At last my first Irish kiss - alas dear reader it’s the Blarney Stone

Those who kiss the stone are bless with the 'gift of the gab'
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I'm in the single most precarious position of my life: flat on my back, hands clutching two iron poles, with my butt actually sliding off the ramparts of a castle – and I'm straining to get even further out into the void. Are you seeing this? Me, dangling upside down with my legs over my head, suspended hundreds of feet above the ground? Not the most graceful situation I've ever been in, I can tell you that.

It's for a worthy cause, though, because today I'm kissing the Blarney Stone.

Right now, as a matter of fact. I stretch as far as I can and press my mouth to the shiny patch of stone, and the attendant yanks me up before I can slide to my death. My lips tingle as I climb to my feet. This is it. I have just been newly reincarnated as a superb orator, worthy of Congress at the very least. Call the Senate!

Okay, I'm joking – but kissing the Blarney Stone really is supposed to give you “the gift of the gab,” or the ability to spout divine eloquence and wit. It sounds like an idiotic tourist trap, I know, but consider this: my lips have been preceded by the lips of hundreds of worthy speakers, including dozens of famous American and European politicians (Winston Churchill, anyone?). In fact, people have been kissing this stone in documented cases for over two hundred years. Its gift of smooth speaking dates back even further; Queen Elizabeth herself supposedly coveted this castle, only to be thwarted by the suave words of its lord. She coined the expression “what a bunch of Blarney” in her disgust.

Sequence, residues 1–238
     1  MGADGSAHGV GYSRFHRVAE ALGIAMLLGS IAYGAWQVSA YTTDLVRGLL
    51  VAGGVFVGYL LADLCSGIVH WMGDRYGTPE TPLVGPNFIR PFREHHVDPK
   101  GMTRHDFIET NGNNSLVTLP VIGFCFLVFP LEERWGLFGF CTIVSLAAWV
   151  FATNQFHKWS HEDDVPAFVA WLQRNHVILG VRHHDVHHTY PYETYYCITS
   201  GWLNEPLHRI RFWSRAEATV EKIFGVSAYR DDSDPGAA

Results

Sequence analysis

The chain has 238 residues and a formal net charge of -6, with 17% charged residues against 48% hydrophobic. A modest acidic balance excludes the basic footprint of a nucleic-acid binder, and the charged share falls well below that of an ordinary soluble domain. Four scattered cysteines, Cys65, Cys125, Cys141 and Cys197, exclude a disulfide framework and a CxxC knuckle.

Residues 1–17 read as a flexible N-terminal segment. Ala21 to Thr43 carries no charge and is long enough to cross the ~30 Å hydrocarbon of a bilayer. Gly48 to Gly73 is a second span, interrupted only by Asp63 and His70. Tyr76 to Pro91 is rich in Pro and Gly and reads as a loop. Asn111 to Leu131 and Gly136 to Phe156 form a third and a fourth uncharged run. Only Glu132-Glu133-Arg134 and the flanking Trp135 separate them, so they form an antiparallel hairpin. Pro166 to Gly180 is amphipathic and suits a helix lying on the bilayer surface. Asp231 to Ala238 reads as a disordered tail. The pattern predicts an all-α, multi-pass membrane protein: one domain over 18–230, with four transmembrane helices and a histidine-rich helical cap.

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It is with a sense of this impressive history that my friends and I decided a trip to Blarney was necessary. We even suffered through the trauma of purchasing tickets at the main Cork bus station (where, we learned in distress, they charge you thirty cents to use the bathroom. We were righteously indignant over this).

I stand back and snap pictures as, one by one, my friends also lie back and dangle themselves off the edge of the castle. Watching them purse their lips, it belatedly occurs to me just how many tourists have preceded us. How frequently do they sanitize this stone? Or does that diminish its powers?

I decide not to think about it.

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